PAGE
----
Vatican Denounces `Da Vinci Code,’ `Gospel of Judas’ as Media Hype

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c. 2006 Religion News Service

VATICAN CITY _ A Vatican official, preaching in front of Pope Benedict XVI at a Good Friday service, denounced “The Da Vinci Code” novel and a highly publicized “Gospel of Judas” as examples of profit-driven propaganda aimed at exploiting Christianity.

The comments were a rare instance of the Vatican directly responding to the challenges posed by works that claim to represent alternative versions of the Bible’s representation of the life of Jesus Christ.

The Rev. Raniero Cantalamessa, the official “Preacher of the Papal Household,” criticized the texts during a Friday (April 14) Mass at St. Peter’s Basilica, commemorating the death of Christ on the cross.

“These are things that do not merit attention in this time and place, but we cannot allow the silence of the faithful to be misunderstood as embarrassment and let the good faith of millions of people get grossly manipulated by the media,” Cantalamessa said.

The criticism came one day after Benedict called Judas a “double-crossing liar,” reaffirming the traditional portrayal of Judas as a traitor who identified Jesus to Jewish authorities in exchange for blood money, sparking events that led to the crucifixion.

“He was greedy. Money was more important to him than communion with Jesus, more important than God and His love,” Benedict said.

Echoing those comments, Cantalamessa described the manuscript as “psuedo-historic” fantasy that profited off Christianity, just as Judas allegedly sold out Jesus.

“Christ is still getting sold _ no longer to the (high priests) for 30 coins, but to the editors and publishers for millions,” he said.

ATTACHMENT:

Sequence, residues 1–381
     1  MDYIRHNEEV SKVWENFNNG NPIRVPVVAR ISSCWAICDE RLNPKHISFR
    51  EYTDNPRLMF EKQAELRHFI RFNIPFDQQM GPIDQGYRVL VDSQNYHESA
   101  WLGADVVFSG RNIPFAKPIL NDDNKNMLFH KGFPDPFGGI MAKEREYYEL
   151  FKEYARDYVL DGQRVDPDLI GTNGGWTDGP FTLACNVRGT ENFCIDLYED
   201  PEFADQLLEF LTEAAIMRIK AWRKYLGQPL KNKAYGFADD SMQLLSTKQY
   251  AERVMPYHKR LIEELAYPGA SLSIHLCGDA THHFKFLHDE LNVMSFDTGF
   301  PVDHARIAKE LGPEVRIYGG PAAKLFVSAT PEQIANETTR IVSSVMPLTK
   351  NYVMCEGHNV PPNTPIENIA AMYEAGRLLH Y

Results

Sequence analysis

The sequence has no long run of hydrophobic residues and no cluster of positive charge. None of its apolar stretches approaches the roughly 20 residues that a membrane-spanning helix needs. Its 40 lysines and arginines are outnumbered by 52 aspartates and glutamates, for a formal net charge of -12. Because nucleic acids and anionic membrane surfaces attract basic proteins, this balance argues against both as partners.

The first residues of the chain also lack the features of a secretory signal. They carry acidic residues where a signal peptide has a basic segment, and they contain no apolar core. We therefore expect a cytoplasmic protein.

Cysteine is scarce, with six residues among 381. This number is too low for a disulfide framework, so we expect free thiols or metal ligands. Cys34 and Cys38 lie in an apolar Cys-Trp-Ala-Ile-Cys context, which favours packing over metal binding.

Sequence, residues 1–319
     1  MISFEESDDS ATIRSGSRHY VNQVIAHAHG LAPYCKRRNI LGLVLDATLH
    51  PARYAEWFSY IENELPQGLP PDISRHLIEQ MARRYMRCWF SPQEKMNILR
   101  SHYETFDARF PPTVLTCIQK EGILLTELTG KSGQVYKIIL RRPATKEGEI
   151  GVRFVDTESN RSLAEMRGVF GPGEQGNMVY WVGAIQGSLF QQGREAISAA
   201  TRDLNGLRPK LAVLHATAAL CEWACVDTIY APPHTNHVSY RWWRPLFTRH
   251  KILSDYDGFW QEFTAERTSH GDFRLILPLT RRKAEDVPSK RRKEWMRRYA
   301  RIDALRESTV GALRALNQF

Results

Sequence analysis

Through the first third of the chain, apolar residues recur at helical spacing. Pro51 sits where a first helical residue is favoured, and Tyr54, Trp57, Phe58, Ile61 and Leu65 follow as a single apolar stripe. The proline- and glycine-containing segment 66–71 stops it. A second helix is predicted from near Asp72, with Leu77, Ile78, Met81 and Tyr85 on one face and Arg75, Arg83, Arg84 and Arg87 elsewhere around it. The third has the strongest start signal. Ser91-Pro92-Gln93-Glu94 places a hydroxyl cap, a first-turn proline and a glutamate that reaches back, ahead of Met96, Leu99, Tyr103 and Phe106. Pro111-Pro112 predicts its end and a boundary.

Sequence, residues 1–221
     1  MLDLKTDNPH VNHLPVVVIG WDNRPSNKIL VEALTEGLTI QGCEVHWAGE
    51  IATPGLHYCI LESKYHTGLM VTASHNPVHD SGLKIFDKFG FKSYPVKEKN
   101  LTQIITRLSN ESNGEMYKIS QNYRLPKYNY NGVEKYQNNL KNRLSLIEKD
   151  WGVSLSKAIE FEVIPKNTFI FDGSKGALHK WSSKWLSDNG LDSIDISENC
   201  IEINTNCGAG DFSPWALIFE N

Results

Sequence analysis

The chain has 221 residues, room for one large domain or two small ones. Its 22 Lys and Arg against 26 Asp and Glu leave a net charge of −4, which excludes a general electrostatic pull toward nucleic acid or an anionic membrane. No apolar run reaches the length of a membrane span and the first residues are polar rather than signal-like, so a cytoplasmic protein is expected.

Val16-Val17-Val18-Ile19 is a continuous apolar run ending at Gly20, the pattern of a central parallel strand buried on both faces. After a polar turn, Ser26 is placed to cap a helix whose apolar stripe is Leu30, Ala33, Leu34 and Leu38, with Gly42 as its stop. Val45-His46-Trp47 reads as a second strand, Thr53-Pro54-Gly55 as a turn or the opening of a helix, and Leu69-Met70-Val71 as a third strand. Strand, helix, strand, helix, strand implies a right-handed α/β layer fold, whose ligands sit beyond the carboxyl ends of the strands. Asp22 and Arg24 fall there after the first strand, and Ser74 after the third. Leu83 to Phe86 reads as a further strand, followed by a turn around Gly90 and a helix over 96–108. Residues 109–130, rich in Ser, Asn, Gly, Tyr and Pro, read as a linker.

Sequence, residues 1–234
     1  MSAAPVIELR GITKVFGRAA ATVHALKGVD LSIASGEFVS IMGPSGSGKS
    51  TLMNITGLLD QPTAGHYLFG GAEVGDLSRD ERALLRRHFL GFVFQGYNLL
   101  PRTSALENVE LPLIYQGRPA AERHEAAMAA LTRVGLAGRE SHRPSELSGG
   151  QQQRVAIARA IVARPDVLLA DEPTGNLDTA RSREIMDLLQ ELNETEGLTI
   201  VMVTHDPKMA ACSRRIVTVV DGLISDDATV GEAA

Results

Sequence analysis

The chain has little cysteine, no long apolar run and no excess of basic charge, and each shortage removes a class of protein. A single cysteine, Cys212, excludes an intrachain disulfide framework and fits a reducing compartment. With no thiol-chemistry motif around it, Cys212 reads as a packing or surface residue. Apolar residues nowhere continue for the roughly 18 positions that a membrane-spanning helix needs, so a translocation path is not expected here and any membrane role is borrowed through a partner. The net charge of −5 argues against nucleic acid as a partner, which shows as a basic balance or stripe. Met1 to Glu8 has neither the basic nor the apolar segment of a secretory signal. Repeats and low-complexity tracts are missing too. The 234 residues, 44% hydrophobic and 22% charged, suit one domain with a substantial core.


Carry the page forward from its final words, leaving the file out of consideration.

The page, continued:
National Geographic released the self-proclaimed “Gospel of Judas” in a flashy presentation April 6, setting off a media frenzy in the days before Christians across the world observe Easter _ the day commemorating Jesus’ Resurrection. The manuscript says Judas had been selected to betray his master as part of a divine plan that would set him apart from the other apostles.

“You will exceed all of them. For you will sacrifice the man that clothes me,” reads the English version of the text.

Cantalamessa also directed his attack at the Dan Brown novel “The Da Vinci Code,” which has been adapted to film and will be released in May. According to that fictional work, Jesus fathered children with Mary Magdalene, creating a blood line that has been persecuted by the Roman Catholic Church through the centuries.

“No one will be able to stop this wave of speculation, which will see a sharp increase with the imminent release of a certain film,” Cantalamessa said without naming it.

“The Da Vinci Code” also targets the conservative organization Opus Dei, characterizing the group as a conspiratorial force within Christianity, charged with persecuting the heirs of Jesus.

The Rev. Robert Gahl, a professor of theology at the Pontifical University of the Holy Cross in Rome and a priest with Opus Dei, said he welcomed Cantalamessa’s comments, but doubted whether they signaled a “concerted Vatican strategy” to challenge works with heretical premises.

Benedict will celebrate his first Easter as pope Sunday. On Thursday Benedict washed the feet of 12 men _ a practice that recalls Jesus washing the feet of his apostles.

Benedict recalled that episode, quoting from the Gospel of John, which offers the most critical depiction of Judas in the New Testament. The earliest gospel writers, such as Mark, depicted Judas as a minor figure, but in John he takes on truly diabolical dimensions.

When Jesus washes the feet of the apostles in John, he warns that not all of them are “clean” of sin. Echoing that passage on Thursday, Benedict told the crowded basilica that some of Jesus’ apostles were clean, “but not all.”


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